The body politic

A week may be a long time in politics, but sometimes a day of Banana Island politics can feel like more than a lifetime’s worth. At times it is as if Dublin village, just five minutes from the guesthouse I am volunteering in, is enacting a modern day version of Romeo and Juliet, with the village Montagues and Capulets baying for the blood of the other.

A whole lot of shouting is often the immediate result, with a general rule of thumb being that the louder a participant shouts the more they know they are the ones in the wrong. I’m something of an oddity here, not only because I am white and foreign, but also because Ian is not recognised as a name (many call me Michael or Mike – my middle name), and because I don’t tend to shout. Even when I do, it comes nowhere near the sorts of palaver (in Krio meaning anything from talking to fighting with pistols*) that can occur when islanders are involved.

Ambridge and Banana Islands are almost interchangable

Ambridge and Banana Islands are almost interchangable

Like in The Archers or any small and isolated community, everybody knows everybody else’s business. The only way to keep a secret is to keep it truly secret, and that only works half the time in any case. People talk, if for no other reason than there’s nothing else to do or it’s too hot to bother doing it. There is no such thing as a private life.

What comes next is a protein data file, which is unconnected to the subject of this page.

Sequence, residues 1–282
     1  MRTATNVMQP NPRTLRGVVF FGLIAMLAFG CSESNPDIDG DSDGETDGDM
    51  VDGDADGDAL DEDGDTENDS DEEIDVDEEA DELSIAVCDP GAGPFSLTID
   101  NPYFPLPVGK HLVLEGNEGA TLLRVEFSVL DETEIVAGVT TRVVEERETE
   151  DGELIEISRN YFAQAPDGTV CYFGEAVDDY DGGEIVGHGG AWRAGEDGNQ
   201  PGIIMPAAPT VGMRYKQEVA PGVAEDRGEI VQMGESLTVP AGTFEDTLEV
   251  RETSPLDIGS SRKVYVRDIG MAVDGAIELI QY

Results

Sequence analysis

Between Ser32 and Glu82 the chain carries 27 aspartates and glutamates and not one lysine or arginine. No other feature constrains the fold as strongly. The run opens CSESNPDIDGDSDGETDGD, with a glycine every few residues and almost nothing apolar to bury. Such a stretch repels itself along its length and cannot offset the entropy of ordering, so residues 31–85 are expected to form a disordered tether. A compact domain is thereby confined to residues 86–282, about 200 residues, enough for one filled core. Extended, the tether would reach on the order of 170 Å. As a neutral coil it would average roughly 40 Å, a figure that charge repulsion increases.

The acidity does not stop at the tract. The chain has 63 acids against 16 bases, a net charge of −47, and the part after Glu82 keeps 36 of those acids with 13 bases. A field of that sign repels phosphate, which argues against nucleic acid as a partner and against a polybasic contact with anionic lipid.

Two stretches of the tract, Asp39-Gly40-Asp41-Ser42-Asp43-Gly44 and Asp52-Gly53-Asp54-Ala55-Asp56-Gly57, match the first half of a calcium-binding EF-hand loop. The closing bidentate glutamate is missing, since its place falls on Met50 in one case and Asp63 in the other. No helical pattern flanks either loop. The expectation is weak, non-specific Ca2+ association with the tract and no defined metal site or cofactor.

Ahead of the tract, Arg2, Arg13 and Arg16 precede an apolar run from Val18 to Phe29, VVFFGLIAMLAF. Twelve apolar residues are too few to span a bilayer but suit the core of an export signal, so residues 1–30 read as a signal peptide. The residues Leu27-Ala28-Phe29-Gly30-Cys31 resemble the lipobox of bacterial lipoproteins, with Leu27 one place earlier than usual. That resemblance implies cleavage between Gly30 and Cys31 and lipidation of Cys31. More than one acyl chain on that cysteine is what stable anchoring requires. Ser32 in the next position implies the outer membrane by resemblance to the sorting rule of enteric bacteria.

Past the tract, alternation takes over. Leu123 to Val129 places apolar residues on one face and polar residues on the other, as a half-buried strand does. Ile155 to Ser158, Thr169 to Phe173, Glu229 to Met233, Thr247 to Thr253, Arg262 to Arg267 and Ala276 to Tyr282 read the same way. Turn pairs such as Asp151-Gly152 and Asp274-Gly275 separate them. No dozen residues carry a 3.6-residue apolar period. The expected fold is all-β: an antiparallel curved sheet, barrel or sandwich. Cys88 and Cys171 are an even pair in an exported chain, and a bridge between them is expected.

Palaver is much less of an art-form in the expat community of Freetown (the expat community of Banana Islands has recently almost doubled from three to five). Half are studiously working to end world hunger, while the other half have the munchies, being off their faces on weed.

The only advice I can muster is to seize the status as an oddity and keep well out of whatever it is. Go for a swim, head to the next village (the five hour round trip should be long enough), remember you have a pot on the boil, or find a sudden interest in the nearest leaf, but don’t get involved. It can only end badly. Just look at Romeo and Juliet.

Keep out the way by heading for Ricketts

Keep out the way by heading for Ricketts

* Since the Civil – or Rebel – War, firearms have been banned in Sierra Leone (unless you’re a policeman/soldier). Before it became irreparable, the only gun on the island was used to target monkeys for secret society activities. I guess they have a stock, or do without the monkey now.

Bookmark the permalink.

Leave a Reply

Your email address will not be published. Required fields are marked *